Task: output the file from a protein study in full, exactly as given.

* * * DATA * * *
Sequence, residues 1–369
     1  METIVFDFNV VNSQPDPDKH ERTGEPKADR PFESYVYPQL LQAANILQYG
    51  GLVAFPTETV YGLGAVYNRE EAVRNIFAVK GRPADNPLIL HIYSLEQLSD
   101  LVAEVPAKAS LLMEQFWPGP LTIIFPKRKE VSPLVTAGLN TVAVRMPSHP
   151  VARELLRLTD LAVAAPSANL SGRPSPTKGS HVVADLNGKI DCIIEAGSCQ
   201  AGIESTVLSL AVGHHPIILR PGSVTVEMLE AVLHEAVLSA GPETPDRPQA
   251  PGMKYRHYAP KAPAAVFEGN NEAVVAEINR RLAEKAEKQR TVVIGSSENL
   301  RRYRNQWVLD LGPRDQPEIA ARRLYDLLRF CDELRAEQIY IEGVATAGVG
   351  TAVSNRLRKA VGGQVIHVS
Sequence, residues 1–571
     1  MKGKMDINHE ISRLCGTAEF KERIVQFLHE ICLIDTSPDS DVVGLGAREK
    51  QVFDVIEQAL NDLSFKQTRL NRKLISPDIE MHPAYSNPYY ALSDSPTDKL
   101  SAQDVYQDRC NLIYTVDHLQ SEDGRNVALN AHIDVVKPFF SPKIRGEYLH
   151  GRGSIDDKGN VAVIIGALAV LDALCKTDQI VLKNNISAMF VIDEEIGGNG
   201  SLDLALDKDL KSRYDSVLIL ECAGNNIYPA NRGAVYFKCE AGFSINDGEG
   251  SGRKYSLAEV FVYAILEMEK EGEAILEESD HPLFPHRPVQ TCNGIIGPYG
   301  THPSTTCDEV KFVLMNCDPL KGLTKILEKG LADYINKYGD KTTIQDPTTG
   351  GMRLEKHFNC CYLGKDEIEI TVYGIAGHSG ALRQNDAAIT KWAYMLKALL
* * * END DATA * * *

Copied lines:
Sequence, residues 1–369
     1  METIVFDFNV VNSQPDPDKH ERTGEPKADR PFESYVYPQL LQAANILQYG
    51  GLVAFPTETV YGLGAVYNRE EAVRNIFAVK GRPADNPLIL HIYSLEQLSD
   101  LVAEVPAKAS LLMEQFWPGP LTIIFPKRKE VSPLVTAGLN TVAVRMPSHP
   151  VARELLRLTD LAVAAPSANL SGRPSPTKGS HVVADLNGKI DCIIEAGSCQ
   201  AGIESTVLSL AVGHHPIILR PGSVTVEMLE AVLHEAVLSA GPETPDRPQA
   251  PGMKYRHYAP KAPAAVFEGN NEAVVAEINR RLAEKAEKQR TVVIGSSENL
   301  RRYRNQWVLD LGPRDQPEIA ARRLYDLLRF CDELRAEQIY IEGVATAGVG
   351  TAVSNRLRKA VGGQVIHVS
Sequence, residues 1–571
     1  MKGKMDINHE ISRLCGTAEF KERIVQFLHE ICLIDTSPDS DVVGLGAREK
    51  QVFDVIEQAL NDLSFKQTRL NRKLISPDIE MHPAYSNPYY ALSDSPTDKL
   101  SAQDVYQDRC NLIYTVDHLQ SEDGRNVALN AHIDVVKPFF SPKIRGEYLH
   151  GRGSIDDKGN VAVIIGALAV LDALCKTDQI VLKNNISAMF VIDEEIGGNG
   201  SLDLALDKDL KSRYDSVLIL ECAGNNIYPA NRGAVYFKCE AGFSINDGEG
   251  SGRKYSLAEV FVYAILEMEK EGEAILEESD HPLFPHRPVQ TCNGIIGPYG
   301  THPSTTCDEV KFVLMNCDPL KGLTKILEKG LADYINKYGD KTTIQDPTTG
   351  GMRLEKHFNC CYLGKDEIEI TVYGIAGHSG ALRQNDAAIT KWAYMLKALL